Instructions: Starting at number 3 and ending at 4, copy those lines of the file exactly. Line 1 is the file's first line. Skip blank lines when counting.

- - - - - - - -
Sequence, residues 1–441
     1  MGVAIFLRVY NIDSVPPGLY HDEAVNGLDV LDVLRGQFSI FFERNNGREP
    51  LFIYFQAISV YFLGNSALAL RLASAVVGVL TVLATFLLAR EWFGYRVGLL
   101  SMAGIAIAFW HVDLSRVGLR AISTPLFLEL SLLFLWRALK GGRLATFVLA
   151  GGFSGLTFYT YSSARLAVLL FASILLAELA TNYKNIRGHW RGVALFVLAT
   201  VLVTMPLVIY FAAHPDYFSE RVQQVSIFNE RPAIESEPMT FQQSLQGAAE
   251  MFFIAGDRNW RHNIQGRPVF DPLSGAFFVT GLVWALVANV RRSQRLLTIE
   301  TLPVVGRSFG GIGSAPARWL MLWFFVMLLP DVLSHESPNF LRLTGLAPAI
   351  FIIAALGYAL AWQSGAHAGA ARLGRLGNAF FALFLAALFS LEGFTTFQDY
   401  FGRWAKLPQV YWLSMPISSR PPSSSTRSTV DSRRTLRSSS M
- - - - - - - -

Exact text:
    51  LFIYFQAISV YFLGNSALAL RLASAVVGVL TVLATFLLAR EWFGYRVGLL
   101  SMAGIAIAFW HVDLSRVGLR AISTPLFLEL SLLFLWRALK GGRLATFVLA